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How to remove PVC glue from clothes

Updated February 21, 2019

As useful as glue is, when it comes into contact with the wrong surface, glue can create big problems. PVC glue is quite strong, as it is usually used to hold pipes together, and on clothing it will adhere with an admirable yet frustrating tenacity, meaning it will take a little extra effort to remove it. Fortunately there are several simple ways to remove this glue and salvage your clothes.

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  1. Fold the garment so that the glue is facing up and place it in the freezer for one to two hours. When the glue is frozen it will chip away easily with a scraper or razor blade.

  2. Spray the garment with WD-40 and allow it to soak for 5 to 10 minutes. Scrub the area with a clean cloth and launder as usual.

  3. Dab the area with a cotton swab dipped in lighter fluid. This should help to loosen the glue's hold on the fabric. Scrub the area with a clean dry cloth and repeat until all of the glue is gone and launder as usual.

  4. Place an old cloth or piece of wax paper over the glued area. Iron over the spot so that the glue transfers from the clothing onto the wax paper and dispose of it. Launder the garment as usual.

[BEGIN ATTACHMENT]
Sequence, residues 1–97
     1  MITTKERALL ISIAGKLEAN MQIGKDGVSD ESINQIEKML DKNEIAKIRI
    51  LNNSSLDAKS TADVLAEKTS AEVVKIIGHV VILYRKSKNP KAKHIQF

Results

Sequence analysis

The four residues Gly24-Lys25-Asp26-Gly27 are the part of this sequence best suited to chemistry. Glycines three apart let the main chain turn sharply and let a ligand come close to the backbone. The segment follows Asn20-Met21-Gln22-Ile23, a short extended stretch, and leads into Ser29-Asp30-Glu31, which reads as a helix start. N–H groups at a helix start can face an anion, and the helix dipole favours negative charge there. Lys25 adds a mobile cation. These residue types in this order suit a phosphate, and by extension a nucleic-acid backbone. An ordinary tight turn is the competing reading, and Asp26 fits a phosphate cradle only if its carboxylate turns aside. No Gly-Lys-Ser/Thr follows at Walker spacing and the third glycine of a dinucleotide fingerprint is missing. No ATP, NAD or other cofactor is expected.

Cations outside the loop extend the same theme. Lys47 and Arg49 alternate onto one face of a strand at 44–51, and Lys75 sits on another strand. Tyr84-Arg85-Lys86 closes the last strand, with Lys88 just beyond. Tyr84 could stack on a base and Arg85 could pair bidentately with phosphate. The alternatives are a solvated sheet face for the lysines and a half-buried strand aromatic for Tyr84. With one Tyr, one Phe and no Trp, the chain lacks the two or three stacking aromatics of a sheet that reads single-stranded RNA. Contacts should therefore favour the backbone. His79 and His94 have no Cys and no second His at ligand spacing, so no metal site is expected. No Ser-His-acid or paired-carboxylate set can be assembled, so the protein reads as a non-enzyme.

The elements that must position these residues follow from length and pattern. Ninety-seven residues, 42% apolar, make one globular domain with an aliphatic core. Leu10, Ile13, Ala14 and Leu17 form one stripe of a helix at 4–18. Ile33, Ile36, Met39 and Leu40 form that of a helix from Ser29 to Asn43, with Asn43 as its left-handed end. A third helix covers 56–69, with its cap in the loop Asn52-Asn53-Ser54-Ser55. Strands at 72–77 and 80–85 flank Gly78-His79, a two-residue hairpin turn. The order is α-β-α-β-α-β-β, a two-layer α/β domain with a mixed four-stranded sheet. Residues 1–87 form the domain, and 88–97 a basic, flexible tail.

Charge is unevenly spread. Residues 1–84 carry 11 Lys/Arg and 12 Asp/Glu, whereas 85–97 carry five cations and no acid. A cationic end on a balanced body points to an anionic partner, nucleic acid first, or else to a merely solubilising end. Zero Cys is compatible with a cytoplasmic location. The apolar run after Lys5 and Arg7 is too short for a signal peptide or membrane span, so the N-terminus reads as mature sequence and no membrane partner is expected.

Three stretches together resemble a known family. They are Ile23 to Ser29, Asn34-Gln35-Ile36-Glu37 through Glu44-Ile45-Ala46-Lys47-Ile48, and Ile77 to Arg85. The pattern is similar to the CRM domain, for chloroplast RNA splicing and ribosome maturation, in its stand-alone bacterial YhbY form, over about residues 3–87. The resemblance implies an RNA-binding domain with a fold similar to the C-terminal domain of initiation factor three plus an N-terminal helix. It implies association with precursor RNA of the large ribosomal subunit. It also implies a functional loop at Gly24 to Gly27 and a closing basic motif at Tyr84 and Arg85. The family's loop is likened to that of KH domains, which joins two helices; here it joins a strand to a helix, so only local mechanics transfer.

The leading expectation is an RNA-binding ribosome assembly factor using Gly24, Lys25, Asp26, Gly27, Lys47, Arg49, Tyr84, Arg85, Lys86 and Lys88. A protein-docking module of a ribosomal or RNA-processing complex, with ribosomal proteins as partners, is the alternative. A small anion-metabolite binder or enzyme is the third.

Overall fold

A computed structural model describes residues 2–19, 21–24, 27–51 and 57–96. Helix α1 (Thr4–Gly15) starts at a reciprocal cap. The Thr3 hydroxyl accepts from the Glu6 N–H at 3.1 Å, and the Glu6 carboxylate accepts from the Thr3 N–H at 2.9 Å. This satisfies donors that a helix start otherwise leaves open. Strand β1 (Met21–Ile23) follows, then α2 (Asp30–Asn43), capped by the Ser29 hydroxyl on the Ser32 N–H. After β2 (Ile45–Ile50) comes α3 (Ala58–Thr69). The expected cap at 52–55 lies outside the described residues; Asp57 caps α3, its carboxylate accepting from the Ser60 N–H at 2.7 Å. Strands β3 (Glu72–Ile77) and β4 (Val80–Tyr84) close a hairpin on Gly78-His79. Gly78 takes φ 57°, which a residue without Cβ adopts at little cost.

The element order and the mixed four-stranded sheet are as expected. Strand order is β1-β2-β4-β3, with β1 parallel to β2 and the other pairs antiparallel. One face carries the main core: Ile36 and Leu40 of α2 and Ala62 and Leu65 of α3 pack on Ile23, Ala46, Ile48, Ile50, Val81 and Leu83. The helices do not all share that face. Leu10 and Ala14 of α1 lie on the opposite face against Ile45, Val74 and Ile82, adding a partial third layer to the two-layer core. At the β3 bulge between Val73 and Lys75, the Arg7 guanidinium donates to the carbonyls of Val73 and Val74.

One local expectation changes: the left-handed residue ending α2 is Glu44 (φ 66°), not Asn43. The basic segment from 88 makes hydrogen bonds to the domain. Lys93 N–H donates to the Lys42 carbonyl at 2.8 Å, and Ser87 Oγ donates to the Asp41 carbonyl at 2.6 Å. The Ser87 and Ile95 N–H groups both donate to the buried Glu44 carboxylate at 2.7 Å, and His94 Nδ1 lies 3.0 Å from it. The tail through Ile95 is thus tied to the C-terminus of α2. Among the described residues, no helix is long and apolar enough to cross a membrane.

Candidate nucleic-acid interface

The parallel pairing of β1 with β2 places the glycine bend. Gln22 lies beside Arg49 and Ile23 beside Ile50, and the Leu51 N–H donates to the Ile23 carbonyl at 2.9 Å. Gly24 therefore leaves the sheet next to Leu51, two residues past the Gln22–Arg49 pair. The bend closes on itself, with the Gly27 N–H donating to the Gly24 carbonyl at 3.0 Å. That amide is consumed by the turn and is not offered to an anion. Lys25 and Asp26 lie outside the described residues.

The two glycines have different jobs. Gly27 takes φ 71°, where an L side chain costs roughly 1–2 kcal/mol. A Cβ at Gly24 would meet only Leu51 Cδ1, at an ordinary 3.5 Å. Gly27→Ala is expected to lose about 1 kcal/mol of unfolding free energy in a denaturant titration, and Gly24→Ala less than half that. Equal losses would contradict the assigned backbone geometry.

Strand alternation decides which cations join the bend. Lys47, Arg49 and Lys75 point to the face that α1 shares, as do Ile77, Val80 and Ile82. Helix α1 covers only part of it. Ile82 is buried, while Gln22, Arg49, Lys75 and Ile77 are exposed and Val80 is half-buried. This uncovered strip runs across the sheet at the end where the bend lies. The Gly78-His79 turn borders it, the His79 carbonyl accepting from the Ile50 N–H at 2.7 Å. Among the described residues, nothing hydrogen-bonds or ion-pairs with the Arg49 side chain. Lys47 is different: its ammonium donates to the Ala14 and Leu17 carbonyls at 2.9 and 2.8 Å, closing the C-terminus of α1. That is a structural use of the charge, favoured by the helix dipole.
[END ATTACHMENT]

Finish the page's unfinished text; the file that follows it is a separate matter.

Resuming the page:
5. Spray the area with Goo Gone and allow it to soak for 5 to 10 minutes before wiping the glue away with a clean dry cloth. Launder as usual to remove the residual Goo Gone.

  6. Tip

    Test the fabric for colour fastness before using each method on an inconspicuous area of the clothes.


    Use caution and wear gloves when handling a razor blade. Make small strokes in the direction away from your body. Ventilate the area well and use extreme caution when using lighter fluid, as it is flammable.

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Things You'll Need

  • Razor blade
  • WD-40
  • Clean cloth
  • Cotton swab
  • Lighter fluid
  • Wax paper
  • Iron
  • Goo Gone

About the Author

Melynda Sorrels spent 10 years in the military working in different capacities of the medical field, including dental assisting, health services administration, decontamination and urgent medical care. Awarded the National Guardsman’s Medal for Lifesaving efforts in 2002, Sorrels was also a nominee for a Red Cross Award and a certified EMT-B for four years.

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